Is the Republican Party in Pa Above the Law?

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Posted by John from Pa. Working families of America Unite on December 11, 1999 at 18:26:27:


Politics are clear in Serafini case
The Issue: Republicans in the state House beat back an effort to unseat a colleague sentenced for perjury.

Our Opinion: The state constitution is clear: The disgraced legislator should be expelled.


The presence of Rep. Frank R. Serafini in the Pennsylvania General Assembly is a disgrace and an outrage. It makes a mockery of the honor and credibility of the Legislature.

Serafini, R-Lackawanna, was convicted of perjury in connection with illegal contributions to the Bob Dole campaign.

A federal judge sentenced him to five months in prison and five months probation last Nov. 18.

The state constitution provides that no one convicted of "embezzlement of public monies, bribery, perjury or other infamous crime" is eligible to serve in the General Assembly.

The only House member ever expelled in the last 100 years was Leonard Sweeney of Allegheny County, who was ousted in 1974 after being sentenced for mail fraud involving insurance claims.

Otherwise, every House member convicted of serious felony while in office has resigned after sentencing.

In the Senate, the only senator who did not resign upon sentencing, Frank Mazzei, was expelled in 1975

The law is clear and so are the precedents. But Republicans defeated a move to unseat Serafini this week on a 95-92 vote in the House.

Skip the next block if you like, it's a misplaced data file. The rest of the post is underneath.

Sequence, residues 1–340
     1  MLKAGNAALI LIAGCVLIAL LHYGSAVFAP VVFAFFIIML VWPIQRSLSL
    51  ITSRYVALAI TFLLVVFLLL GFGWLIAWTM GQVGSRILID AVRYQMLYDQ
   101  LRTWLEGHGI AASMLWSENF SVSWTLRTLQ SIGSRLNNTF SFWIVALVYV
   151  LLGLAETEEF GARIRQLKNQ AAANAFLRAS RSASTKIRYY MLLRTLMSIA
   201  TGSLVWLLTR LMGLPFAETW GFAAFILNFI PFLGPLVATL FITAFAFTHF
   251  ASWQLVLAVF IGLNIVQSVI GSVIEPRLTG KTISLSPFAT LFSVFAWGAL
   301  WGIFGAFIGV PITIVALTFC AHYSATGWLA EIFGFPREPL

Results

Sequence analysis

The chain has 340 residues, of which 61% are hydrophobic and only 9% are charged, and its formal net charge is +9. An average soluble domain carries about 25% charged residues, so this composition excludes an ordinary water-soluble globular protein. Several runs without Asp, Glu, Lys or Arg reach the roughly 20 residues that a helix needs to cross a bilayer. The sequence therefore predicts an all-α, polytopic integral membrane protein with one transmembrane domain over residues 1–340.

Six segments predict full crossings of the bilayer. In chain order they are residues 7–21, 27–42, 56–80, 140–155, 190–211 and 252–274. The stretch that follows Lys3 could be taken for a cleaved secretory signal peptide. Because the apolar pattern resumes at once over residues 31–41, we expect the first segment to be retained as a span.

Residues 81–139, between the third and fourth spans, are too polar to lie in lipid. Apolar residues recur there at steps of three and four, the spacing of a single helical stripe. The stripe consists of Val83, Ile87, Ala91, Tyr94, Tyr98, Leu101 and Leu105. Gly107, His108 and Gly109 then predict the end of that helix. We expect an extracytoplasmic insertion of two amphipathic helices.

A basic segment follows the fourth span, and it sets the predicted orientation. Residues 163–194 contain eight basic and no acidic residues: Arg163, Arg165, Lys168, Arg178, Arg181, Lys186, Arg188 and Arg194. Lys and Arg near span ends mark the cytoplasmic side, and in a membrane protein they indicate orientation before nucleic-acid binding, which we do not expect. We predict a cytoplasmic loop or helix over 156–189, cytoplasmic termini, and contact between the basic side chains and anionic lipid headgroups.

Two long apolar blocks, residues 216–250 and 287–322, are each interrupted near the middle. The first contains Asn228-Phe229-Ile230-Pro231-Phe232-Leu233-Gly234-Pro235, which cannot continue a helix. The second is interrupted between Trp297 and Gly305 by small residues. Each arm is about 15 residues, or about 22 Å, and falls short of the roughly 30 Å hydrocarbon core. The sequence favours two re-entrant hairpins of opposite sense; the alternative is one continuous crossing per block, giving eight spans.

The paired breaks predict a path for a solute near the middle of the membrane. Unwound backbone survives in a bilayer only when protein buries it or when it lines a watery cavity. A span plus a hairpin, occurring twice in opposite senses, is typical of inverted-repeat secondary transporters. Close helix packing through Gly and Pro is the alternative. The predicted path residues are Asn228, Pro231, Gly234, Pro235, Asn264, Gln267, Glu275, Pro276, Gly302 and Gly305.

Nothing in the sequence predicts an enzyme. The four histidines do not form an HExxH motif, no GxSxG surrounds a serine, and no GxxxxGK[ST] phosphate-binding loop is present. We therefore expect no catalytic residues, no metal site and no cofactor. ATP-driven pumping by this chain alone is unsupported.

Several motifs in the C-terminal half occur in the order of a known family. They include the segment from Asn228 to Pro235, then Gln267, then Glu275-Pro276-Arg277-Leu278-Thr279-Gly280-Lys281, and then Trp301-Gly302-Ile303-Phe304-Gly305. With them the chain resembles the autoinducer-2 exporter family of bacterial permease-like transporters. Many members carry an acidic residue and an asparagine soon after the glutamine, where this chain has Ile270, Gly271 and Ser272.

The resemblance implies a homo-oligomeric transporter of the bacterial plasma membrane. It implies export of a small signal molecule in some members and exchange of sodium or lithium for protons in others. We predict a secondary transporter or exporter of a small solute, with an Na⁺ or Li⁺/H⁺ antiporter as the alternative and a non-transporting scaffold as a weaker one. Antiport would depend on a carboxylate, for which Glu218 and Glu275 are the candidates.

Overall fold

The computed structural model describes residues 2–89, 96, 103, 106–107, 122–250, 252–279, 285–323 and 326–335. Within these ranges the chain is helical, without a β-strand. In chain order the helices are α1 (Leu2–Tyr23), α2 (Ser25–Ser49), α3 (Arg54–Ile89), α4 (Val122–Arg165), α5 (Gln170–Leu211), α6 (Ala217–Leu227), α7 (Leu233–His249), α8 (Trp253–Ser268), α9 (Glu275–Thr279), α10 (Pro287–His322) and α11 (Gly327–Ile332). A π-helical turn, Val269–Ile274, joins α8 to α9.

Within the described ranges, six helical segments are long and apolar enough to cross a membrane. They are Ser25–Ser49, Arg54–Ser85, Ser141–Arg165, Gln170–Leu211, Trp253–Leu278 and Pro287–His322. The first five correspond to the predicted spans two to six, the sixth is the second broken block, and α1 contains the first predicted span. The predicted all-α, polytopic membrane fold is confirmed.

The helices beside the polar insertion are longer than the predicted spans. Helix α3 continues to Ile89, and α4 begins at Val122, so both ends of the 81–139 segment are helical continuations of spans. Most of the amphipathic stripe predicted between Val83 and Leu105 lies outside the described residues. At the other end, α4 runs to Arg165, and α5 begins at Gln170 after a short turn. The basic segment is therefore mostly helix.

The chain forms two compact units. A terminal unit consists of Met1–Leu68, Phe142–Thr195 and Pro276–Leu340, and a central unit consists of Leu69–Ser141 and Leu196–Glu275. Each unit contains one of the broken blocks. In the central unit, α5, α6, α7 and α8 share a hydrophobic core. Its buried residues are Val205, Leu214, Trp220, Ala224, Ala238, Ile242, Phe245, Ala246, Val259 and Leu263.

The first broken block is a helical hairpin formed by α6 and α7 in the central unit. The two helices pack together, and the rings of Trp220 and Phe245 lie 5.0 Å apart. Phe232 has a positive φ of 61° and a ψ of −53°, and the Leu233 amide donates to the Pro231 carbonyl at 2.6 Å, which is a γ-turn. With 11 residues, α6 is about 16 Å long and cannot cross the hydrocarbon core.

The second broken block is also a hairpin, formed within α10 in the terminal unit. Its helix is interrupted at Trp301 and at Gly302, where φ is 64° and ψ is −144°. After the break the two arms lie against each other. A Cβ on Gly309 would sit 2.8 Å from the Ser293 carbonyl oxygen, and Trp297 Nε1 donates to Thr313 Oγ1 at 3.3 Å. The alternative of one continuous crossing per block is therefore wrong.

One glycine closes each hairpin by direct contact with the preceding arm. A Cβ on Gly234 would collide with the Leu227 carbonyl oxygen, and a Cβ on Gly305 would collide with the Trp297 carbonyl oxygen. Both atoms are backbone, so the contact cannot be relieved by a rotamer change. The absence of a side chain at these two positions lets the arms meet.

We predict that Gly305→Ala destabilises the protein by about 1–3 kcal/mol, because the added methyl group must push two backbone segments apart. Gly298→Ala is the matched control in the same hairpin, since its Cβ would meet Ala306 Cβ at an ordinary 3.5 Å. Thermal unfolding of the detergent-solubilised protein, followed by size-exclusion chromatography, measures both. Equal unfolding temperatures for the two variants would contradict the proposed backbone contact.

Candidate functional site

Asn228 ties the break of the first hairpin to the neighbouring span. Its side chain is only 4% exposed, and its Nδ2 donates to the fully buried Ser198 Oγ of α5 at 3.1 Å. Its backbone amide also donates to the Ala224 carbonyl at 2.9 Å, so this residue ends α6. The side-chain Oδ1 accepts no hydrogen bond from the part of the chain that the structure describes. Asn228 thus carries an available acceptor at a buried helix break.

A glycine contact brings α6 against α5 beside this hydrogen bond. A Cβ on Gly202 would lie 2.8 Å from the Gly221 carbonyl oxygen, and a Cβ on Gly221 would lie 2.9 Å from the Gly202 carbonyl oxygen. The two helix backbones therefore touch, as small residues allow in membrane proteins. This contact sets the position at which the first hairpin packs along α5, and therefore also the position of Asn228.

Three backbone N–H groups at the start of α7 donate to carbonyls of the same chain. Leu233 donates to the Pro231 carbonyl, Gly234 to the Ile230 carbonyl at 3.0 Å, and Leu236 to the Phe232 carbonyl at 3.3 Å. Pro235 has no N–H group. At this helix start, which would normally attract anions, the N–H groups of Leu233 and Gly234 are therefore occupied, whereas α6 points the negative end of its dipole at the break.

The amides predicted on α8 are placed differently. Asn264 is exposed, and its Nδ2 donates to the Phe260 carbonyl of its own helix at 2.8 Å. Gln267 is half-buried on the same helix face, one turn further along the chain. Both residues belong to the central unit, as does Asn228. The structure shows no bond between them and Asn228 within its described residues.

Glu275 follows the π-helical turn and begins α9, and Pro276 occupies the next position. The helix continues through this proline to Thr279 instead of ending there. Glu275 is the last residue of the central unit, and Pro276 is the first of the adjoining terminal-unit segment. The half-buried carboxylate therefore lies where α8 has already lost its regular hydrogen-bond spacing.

Why then <*h94*> <*h*>if the issue is so simple and forthright did the Republican majority in the House block efforts to oust Serafini?

The answer is equally clear: Pure partisan politics.

Republicans currently hold a 103-100 margin in the House, where the constitutional majority to pass legislation is 102. It is widely suspected that the GOP would like to stall matters long enough to allow House Speaker Matthew J. Ryan to schedule a special election after the April 4 primary.

Republicans obviously are edgy about an earlier election because Serafini won by only 250 votes in his last election.

They obviously view with horror the prospect of losing that seat and seeing their razor-thin majority sliced down to the bare minimum, where even one defection could mean legislative defeat.

Republican leaders supporting Serafinis keeping his seat didnt even bother arguing the law.

Majority Leader John Perzel attacked the governments case against Serafini.

But thats not at issue.

Republicans also said it would be unfair to unseat Serafini when he might still be found innocent on appeal.

Thats not the issue either.

Nonetheless, so appealing were these lame arguments that all the Republican legislators representing areas of Berks County - David Argall, Dennis Leh, Sheila Miller, Samuel Rohrer and Paul Semmel dutifully followed the party line, although five Republicans from elsewhere in the state had the guts to break ranks with the party leadership.

The Democratic leader in the House, Rep. H. William DeWeese, never at a loss for a colorful metaphor, cut to the marrow in this instance. "They urinated on the constitution, quite frankly," he said of the GOP leadership.

Mr. DeWeeses description was extremely apt in this case. Serafini has absolutely no right to continue to hold his House seat.

His continued presence is an insult and an outrage, and hometown voters deserve to fully question their elected representatives on how they could aid in this attack on the Pennsylvania constitution and the rule of law in the Legislature.

"We will be back," said DeWeese.

Pennsylvania voters should insist on that.

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